Great article - it just takes getting management to buy in so that it becomes corporate culture in a world where speed to market is often an overriding factor. If you can prove this:
"Catching errors early will save 10 to 1,000 times the money to solve. Due diligence ahead of time is key."
I worked for a company were we did company-wide QIT training. It focused on doing things right the first time and this certainly falls within that paradigm. While initially we had more expenditure and time costs, it did prove that in the long run it saved money and increased the profit margin as a result.
Cabe, regarding your main point, getting the pre-design requirements and specification right BEFORE Design & Build efforts are launched, I only say 'Amen'. This seems like an obvious thing, but most times is still missed because of complexities stretching the hard-line schedule. How many times have we heard the Program Manger direct that "we're slipping – we can address that later",,,,
On the lesser point of testing due-diligence, of you have precisely defined the point of diminishing returns in micro-miniaturization. When discrete components continue to reduce in size, beyond the ability to probe with the point of a needle, design layouts naturally make the micro-leap to SoC's as you pointed out. But testing proper functionality of SoC's (to achieve the desired result is either a theoretical analysis, or an empirical effort requiring actual 'build & sample' efforts.
Cabe, great article as always. I focused on the beginning of your article. It mentioned soldering. I know i't wasn't the point of the piece, but it reminded me of something. Now this was told to me by a friend so don't quote me...lol... but...a lot of the xbox360's failed due to a red ring of death..which I was told was due to "bad" solder that wouldn't withstand the heat of the unit. I do not recall MS ever admitting to this, but they did come out with a new unit which did not suffer this fault. Finding problems is the first step, admitting them the second, actually fixing them the third and most important. I know the engineers know this, but I don't think the companies care so much. It's all about money to them. Just a thought.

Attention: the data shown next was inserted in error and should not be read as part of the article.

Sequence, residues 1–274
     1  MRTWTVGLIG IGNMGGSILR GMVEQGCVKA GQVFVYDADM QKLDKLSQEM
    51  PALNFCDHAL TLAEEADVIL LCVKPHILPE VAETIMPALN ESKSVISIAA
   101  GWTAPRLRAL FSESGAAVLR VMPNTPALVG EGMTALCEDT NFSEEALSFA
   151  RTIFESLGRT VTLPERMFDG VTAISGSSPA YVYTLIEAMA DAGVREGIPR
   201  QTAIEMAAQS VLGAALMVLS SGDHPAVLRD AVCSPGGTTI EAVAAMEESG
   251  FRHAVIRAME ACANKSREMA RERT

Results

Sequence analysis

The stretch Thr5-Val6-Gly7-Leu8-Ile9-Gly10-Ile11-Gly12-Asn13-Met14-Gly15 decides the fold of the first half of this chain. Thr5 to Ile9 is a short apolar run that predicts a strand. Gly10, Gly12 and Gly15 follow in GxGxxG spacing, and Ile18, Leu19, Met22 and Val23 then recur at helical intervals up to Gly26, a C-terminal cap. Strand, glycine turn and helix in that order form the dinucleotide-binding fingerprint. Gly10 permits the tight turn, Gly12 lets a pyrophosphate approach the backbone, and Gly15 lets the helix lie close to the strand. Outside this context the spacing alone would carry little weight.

Cabe, I had one more thought one this. Now I could understand if I bought a cheap thing from wherever and it failed. Ok, I bought a cheap piece of junk. I get that. It is when the best still fail that gets me. I mean you think you are buying (paying) for the best, and it still fails? They need to have better quality control. Isn't that expected from the best? Just my opinion.
Hey Cabe....nothing to do with the article, but wanted your opinion if you have time. Do line conditioners for audio work? Never tried one, but I think I need one. I have hiss that I want rid of...just wondering if a line conditioner will remove it. Thanks.
This is not an isolated incident. It plagues my house. Every room. It does not effect my laptop though. That could be because of the power source though. Just trying to figure this out, anyone with an idea.....let me know and thank you!
For industrial control applications, or even a simple assembly line, that machine can go almost 24/7 without a break. But what happens when the task is a little more complex? That’s where the “smart” machine would come in. The smart machine is one that has some simple (or complex in some cases) processing capability to be able to adapt to changing conditions. Such machines are suited for a host of applications, including automotive, aerospace, defense, medical, computers and electronics, telecommunications, consumer goods, and so on. This discussion will examine what’s possible with smart machines, and what tradeoffs need to be made to implement such a solution.